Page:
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Four More Titles Coming Up From Olive Films in April
Posted February 26, 2013 04:12 PM by Webmaster
Olive Films have added up four more catalog titles to their April slate: Joseph Kane's The Lonely Trail (1936), starring John Wayne, Ann Rutherford, and Cy Kendall, and Hoodlum Empire (1952), starring Brian Donlevy, Claire Trevor, and Forrest Tucker, Bretaigne Windust's The Enforcer (1951), starring Humphrey Bogart, Zero Mostel, and Ted de Corsia, and Fritz Lang's Cloak and Dagger (1946), starring Gary Cooper, Robert Alda, and Lilli Palmer.
From legendary director Fritz Lang comes an engrossing spy thriller years ahead of its time. Gary Cooper is an American scientist, parachuted into war-town Nazi Germany to obtain military secrets. But the deeper he probes, the deadlier his mission becomes...especially when his involvement with mysterious Lilli Palmer catapults him into an intense maelstrom of danger, betrayal and murder.
Bogie is a hard-hitting D.A. facing the hottest case of the year. Armed with a killer's confession, a score of missing persons and a mob undertaker working full-time, he knows he's onto something. Relentless and determined, he tracks down a notorious murder-for-profit ring, headed by a killer named Mendoza. With Mendoza in jail, Bogart's work has just begun. His single eyewitness, a henchman turned stool pigeon, plunges to his death in a desperate attempt to avoid testifying on the night before the trial. He has twelve hours and one last chance to bring this killer to justice... and Bogart's going to take it!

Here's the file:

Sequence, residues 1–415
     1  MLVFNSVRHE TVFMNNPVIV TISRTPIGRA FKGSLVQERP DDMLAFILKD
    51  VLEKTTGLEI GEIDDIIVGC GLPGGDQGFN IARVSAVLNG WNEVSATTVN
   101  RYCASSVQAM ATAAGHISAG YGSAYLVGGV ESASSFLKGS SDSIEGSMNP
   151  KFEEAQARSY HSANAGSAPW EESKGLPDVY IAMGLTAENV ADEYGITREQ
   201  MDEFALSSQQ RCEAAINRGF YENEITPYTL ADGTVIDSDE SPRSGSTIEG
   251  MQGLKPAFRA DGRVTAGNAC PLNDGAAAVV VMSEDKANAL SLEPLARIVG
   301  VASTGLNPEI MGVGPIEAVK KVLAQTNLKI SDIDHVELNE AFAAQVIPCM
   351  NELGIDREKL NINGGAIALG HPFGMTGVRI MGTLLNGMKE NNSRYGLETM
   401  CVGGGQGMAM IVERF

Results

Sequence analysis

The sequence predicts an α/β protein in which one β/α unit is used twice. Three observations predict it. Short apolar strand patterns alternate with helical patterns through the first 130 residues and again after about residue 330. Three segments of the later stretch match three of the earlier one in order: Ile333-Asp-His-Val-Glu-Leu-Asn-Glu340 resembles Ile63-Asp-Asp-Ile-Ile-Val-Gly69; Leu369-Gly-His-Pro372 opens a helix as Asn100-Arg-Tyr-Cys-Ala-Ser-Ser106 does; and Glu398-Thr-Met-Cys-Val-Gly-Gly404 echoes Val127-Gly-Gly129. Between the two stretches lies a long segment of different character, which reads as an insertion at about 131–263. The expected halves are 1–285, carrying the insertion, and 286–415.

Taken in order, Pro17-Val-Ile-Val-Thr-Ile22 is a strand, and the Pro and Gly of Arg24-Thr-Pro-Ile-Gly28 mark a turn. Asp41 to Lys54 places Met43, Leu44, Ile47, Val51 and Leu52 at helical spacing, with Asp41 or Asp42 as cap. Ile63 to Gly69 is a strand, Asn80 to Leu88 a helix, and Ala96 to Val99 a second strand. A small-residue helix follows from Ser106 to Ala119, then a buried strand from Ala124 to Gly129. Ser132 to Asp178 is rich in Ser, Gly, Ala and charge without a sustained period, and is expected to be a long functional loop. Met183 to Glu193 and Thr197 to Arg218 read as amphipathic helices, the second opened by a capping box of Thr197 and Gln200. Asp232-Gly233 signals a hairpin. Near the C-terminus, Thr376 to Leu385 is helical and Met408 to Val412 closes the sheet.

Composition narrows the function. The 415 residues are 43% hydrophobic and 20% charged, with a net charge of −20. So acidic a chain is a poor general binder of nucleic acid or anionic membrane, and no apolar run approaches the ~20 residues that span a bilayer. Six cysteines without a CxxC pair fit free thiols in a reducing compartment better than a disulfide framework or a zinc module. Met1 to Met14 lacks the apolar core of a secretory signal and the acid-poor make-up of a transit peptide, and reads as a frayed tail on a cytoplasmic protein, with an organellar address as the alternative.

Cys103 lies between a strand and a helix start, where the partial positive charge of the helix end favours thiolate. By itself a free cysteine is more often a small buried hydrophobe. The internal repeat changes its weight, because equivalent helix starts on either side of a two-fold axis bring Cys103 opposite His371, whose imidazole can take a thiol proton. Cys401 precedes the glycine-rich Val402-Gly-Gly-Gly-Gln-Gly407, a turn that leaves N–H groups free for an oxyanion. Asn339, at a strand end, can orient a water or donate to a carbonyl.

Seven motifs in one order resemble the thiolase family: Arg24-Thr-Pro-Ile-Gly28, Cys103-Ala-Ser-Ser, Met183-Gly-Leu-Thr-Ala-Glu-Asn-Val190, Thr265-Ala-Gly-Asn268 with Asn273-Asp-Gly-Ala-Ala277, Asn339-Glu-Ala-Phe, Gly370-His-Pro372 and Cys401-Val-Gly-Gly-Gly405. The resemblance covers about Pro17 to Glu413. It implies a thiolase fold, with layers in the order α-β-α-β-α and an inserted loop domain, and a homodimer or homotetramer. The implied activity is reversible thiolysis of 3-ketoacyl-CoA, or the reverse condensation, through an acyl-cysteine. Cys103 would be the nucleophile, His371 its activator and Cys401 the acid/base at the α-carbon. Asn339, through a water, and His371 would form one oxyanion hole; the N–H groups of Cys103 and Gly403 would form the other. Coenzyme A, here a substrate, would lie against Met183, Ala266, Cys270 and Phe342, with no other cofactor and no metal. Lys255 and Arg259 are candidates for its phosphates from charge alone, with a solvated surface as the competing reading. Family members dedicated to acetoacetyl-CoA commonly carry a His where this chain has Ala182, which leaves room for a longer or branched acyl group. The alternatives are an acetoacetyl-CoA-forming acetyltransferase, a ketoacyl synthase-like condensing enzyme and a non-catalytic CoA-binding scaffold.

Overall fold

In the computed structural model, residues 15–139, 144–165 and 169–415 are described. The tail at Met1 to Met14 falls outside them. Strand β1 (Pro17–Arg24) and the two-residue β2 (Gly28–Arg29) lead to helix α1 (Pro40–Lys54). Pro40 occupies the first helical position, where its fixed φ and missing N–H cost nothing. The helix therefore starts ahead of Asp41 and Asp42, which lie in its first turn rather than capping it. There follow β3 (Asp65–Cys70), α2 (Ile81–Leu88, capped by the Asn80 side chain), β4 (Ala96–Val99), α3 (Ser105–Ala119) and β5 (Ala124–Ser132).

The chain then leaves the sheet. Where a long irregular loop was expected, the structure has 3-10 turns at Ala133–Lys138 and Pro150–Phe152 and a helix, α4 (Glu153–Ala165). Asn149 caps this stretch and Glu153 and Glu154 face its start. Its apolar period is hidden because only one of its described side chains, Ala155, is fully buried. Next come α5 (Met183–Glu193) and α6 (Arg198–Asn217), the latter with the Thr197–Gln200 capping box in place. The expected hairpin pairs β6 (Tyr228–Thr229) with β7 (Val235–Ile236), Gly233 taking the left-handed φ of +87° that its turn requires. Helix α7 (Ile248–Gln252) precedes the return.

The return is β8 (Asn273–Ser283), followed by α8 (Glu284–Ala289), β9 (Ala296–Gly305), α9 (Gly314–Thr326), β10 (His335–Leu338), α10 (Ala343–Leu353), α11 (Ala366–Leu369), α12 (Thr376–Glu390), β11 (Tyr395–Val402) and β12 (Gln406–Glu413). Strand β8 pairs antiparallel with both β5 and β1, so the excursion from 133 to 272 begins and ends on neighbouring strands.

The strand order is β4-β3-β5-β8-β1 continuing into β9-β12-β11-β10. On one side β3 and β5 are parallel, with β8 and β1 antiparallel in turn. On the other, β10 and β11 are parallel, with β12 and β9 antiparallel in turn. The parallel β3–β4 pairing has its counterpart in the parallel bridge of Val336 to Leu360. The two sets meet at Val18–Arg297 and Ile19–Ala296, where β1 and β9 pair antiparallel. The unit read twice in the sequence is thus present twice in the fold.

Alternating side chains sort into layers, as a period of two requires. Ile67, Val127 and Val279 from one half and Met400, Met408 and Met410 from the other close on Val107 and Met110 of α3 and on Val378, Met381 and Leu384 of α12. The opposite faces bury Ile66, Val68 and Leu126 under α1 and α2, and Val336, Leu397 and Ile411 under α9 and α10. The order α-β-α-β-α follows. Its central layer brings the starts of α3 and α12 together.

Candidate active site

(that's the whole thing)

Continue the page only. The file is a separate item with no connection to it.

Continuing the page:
It's a deadly play for power when a Mafia chieftain's top gun goes straight and threatens to testify against the big boss and his cruel, nationwide network of crime. The picture, which was shot in a semi-documentary style, was inspired by the Kefauver investigations of 1950-51.
Though he fought for the North in the Civil War, John is asked by the Governor of Texas to get rid of some troublesome carpetbaggers. He enlists the help of Holden before learning that Holden too is plundering the local folk.
When 1952 is the most "contemporary" of your month's releases, I can't imagine how many copies they're going to move of these titles. Absolutely commend them for what they're putting out there, but how about 1 title from the '60s or '70s or '80s to go along with them? Baffling.